BOLTZ v. TOWN OF SULLIVAV. (III. Sup.) 19 N. E. 710; Pittsburg, C. & St. (Supreme Court of Wisconsin. Jan. 10, 1899.) L. Ry. Co. v. Keokuk & H. Bridge Co., 9 Sup. HIGHWAYS-Defects – KNOWLEDGE OF Towy Or. Ct. 770; Miller v. Insurance Co. (Tenn. Sup.)
-READING LAW TO JURY. 21 S. W. 39; O'Neil v. Insurance Co. (Wis.)
While a person in the exercise of ordinary 38 N. W. 345; Eddy v. Insurance Co. (Mich.)
care was driving on a public highway, riding in 40 N. W. 775; Lucas v. Transfer Co., 70 Iowa, a road cart drawn by a single borse, the horse, 541, 30 N. W. 771.
in order to avoid a mud puddle, or for some othThe case differs essentially from Beach v.
er reason, suddenly swerved to the right-hand Wakefield (Iowa) 76 N. W. 688. In that case
path, causing the right wheel of the road cart to
track outside the traveled part of the way a few the corporation had power to make contracts inches, and strike a stump which had there es
was so located as regards the traveled track and of such a character as to constitute an actionable defect in the highway, and whether the town officers were chargeable with knowledge of its existence. There was evidence tending to show that the stump was five to six inches from the right wheel track, was eight inches high, and seven to eight inches in diameter, and there were indications that it bad been run over by wagon wheels before. There was evidence tending to show that there was a mudhole in the road near the stump and that about as the horse arrived at the place of the accident he swerved to the right to avoid the mudhole, thereby running the right wheel out of the wheel track a sufficient distance to strike the stump. There were some rulings on request to instruct the jury, and some exceptions taken to refusals to instruct. On the argument plaintiff's counsel was permitted, against objection by defendant's counsel, to read a portion of the opinion of this court in Wheeler v. Town of Westport, 30 Wis. 392. The verdict was for plaintiff, which defendant's counsel moved the court to vacate as unsupported by the evidence. The motion was denied and due exception was taken to the ruling. The appeal is from the judgment rendered on the verdict in plaintiff's favor.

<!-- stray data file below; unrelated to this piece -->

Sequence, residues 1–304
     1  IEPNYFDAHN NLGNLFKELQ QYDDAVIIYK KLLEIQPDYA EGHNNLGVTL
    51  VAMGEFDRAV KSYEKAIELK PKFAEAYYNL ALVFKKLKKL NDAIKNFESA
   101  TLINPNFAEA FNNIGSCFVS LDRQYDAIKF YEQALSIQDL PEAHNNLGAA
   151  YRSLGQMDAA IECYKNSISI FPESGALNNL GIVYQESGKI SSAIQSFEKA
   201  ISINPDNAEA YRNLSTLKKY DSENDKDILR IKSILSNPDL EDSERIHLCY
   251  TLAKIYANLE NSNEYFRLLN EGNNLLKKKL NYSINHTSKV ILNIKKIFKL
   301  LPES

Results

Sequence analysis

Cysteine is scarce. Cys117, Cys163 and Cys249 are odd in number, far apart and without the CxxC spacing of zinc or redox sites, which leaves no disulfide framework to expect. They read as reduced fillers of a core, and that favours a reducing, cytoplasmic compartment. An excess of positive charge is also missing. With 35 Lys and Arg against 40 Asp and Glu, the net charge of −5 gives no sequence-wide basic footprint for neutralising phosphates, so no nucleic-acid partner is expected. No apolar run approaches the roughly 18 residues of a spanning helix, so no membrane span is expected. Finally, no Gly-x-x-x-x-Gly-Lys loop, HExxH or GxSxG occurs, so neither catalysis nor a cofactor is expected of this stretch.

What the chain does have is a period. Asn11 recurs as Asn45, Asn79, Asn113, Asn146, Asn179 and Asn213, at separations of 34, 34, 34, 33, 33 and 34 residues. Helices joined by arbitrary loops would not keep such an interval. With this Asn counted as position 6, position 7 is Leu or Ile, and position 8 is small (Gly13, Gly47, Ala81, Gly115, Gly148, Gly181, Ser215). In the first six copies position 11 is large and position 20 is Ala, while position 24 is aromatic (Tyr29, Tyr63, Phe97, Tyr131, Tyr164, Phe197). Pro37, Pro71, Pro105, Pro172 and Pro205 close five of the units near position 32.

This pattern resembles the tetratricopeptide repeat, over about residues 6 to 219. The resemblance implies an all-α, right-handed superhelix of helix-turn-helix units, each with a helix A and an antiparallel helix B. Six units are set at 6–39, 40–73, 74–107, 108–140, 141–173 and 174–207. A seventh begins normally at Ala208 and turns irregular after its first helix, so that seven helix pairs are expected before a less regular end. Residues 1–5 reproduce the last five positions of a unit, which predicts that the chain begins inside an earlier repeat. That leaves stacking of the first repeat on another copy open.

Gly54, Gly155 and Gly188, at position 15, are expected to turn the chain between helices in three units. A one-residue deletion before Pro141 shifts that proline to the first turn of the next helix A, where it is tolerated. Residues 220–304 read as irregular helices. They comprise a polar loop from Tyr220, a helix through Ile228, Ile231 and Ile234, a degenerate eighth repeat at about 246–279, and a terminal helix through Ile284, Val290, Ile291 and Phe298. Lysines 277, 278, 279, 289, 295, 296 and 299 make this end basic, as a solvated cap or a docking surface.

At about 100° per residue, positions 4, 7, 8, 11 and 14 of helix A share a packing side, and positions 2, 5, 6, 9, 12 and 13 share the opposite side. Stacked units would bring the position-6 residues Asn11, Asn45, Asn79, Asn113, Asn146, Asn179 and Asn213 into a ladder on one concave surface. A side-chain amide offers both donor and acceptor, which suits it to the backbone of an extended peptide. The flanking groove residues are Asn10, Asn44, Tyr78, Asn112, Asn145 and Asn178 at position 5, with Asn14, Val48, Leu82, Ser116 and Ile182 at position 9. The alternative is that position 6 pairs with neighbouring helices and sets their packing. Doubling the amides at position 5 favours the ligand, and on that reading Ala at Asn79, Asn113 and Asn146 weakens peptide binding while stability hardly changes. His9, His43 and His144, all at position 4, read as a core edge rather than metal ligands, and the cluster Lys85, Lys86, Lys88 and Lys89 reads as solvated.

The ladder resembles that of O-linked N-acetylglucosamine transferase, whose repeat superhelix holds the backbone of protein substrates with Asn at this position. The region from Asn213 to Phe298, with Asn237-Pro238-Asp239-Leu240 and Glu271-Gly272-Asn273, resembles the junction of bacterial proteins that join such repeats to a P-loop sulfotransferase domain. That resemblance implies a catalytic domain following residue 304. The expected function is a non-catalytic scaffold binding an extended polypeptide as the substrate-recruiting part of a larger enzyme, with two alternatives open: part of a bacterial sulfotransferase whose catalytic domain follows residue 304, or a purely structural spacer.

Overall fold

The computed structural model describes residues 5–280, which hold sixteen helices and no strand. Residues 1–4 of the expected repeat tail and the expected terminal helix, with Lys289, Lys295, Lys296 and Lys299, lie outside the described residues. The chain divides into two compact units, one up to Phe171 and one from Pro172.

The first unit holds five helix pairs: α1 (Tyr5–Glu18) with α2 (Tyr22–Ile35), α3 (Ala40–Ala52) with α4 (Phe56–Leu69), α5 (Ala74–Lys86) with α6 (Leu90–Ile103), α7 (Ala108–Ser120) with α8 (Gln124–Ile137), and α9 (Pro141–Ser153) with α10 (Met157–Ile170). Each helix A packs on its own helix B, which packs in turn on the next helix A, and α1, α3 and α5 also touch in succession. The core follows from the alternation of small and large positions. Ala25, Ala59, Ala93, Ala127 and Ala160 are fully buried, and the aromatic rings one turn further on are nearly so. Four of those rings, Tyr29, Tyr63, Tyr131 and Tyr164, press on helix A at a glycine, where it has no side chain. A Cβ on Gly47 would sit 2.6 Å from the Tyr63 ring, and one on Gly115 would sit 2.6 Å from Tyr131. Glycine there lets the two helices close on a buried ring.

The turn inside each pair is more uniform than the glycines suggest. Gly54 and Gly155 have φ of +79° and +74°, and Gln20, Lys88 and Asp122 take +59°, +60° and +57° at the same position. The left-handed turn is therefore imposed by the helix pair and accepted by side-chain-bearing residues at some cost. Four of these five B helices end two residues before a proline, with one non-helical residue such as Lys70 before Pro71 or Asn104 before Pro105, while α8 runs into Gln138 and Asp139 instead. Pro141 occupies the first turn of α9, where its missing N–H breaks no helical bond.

Harlow Pease, for appellant. R. B. Kirkland, for respondent.
isted since the original construction of the road. Held:
1. The following instruction to the jury was proper: "If the town officers knew, or by the exercise of ordinary diligence ought to have known, that the stump existed so near the traveled track as to render the highway dangerously defective for the use of travelers in the exercise of ordinary care, and plaintiff in the exercise of such care drove against it and was injured, the town is liable."
2. The character of the defect and the length of time it had existed were entirely immaterial except as clearly covered by the instruction.
3. The defect having existed from the time of the original preparation of the highway for public use, the town was bound to have known of its existence. Proof of notice to the town officers was not required.
4. The defect not being so far outside the traveled track that a traveler would have been obliged to have actually left such track in order to have reached it, it could not be said as a matter of law that it did not render the highway actionably defective.
5. The following instruction was proper: “You are allowed to give such damages for bodily pain and mental anxiety as you believe the plaintiff is justly entitled to recover," in connection with the instruction that, “The damages should be no greater and no less than you believe from the testimony the plaintiff is entitled to receive.” the idea being that the assessment of damages should be made solely upon the testimony produced on the trial.
6. The mere accidental deviation from the traveled way, by the swerving of the horse to one side of such way to avoid a mud puddle, or deviation because of the natural inclination of the horse to travel in one of the foot puths instead of on the crown of the road, thereby causing the wheels to run outside the track for a few inches, does not come within the rule that if a person, for his own convenience and without cause, drive outside the way prepared for trav. el, and thereby reach an obstruction in the road and receive an injury, the municipality is not liable.
7. It is improper for counsel in a case to read law or other books to a jury, and a trial judge ought firmly to prohibit it; but if he fail to do so, the error must be regarded as harmless unless it clearly appear that the objecting party was prejudiced thereby.
(Syllabus by the Judge.)
Appeal from circuit court, Jefferson county; John R. Bennett, Judge.
Action by Eliza Boltz against the town of Sullivan. Judgment for plaintiff. Defendant appeals. Affirmed.